The movie mogul, who has backed films such as The Artist and The King's Speech, revealed that the politician suggested he turn a spy book into a big-screen hit.
Weinstein told The Times: "The President sent me a book the other day and said, 'Why don't you make this into a movie?'... I can't tell you [what it was]. It was a spy novel."
However, the 59-year-old decided to pass on the idea, responding with a polite message.
"I sent him an email back saying he was the most overqualified book scout I've ever had," he added.
Meanwhile, the co-chairman of The Weinstein Company is to receive the 2012 Legion d'Honneur - a prestigious award for his contribution to cinema.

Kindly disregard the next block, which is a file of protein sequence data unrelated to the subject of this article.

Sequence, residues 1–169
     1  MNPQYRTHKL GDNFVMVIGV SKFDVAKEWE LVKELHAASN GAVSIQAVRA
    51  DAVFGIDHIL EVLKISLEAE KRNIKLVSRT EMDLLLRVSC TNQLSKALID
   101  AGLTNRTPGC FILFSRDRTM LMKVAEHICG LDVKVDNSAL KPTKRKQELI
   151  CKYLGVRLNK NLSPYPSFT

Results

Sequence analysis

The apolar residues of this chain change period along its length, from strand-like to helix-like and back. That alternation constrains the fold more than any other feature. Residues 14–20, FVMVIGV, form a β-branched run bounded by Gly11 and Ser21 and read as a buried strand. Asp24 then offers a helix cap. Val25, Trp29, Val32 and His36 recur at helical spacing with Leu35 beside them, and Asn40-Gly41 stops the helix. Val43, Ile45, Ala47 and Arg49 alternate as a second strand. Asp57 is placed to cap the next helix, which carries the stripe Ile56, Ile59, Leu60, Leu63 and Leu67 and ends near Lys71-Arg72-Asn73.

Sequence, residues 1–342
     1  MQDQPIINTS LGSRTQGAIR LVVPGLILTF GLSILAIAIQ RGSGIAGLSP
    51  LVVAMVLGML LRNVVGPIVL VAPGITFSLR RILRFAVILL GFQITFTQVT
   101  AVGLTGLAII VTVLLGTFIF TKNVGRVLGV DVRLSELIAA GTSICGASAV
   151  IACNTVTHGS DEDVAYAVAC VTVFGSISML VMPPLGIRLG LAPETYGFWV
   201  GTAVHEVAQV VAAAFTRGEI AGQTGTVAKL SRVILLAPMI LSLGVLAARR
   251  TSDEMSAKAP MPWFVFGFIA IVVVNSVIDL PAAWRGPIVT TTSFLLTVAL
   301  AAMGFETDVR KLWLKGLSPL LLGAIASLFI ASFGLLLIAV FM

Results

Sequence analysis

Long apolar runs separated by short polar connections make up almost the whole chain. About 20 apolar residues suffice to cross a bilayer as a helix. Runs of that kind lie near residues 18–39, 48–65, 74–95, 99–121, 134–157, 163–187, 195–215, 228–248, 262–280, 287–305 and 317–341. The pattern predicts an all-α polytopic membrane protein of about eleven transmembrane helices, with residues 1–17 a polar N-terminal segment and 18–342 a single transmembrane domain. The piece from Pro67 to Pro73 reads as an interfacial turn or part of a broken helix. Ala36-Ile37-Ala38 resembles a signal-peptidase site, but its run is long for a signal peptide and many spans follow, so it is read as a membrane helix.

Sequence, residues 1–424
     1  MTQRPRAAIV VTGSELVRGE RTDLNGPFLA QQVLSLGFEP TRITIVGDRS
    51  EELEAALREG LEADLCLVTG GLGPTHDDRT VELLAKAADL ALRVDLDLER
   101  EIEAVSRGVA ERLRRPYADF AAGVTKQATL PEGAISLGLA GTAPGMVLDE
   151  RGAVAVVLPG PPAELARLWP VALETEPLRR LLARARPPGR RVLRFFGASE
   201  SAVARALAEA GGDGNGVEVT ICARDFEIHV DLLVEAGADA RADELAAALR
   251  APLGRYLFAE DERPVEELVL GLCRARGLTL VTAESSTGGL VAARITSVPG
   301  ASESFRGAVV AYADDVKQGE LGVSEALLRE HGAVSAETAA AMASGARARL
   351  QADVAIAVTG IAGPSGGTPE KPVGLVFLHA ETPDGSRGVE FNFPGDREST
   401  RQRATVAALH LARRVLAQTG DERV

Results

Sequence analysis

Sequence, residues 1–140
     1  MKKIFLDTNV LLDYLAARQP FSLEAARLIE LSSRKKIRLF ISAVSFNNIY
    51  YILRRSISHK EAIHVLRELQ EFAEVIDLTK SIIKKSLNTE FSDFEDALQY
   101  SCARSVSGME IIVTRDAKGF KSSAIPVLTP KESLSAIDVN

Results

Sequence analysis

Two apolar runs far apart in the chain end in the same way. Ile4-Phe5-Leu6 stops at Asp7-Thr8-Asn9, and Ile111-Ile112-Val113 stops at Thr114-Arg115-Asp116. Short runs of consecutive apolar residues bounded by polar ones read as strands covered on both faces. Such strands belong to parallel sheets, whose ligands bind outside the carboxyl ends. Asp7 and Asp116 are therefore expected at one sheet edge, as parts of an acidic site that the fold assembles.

Personally nominated by French President Nicolas Sarkozy, he will be honoured at a ceremony in Paris.
Weinstein said: "I am honoured and humbled by this recognition from President Sarkozy and the people of France. All my life, I have loved and been inspired by French cinema, and as a studio head it has been my pride and joy to have the ability to bring movies to audiences around the world.
"I am still the young boy who walked to the cinema in Flushing, New York to see films by the greats - Lelouch, Godard, Renoir and my personal favourite, François Truffaut. They inspired me and led me to the place I am in today. I hope to continue my friendship with France and its filmmakers for many years to come."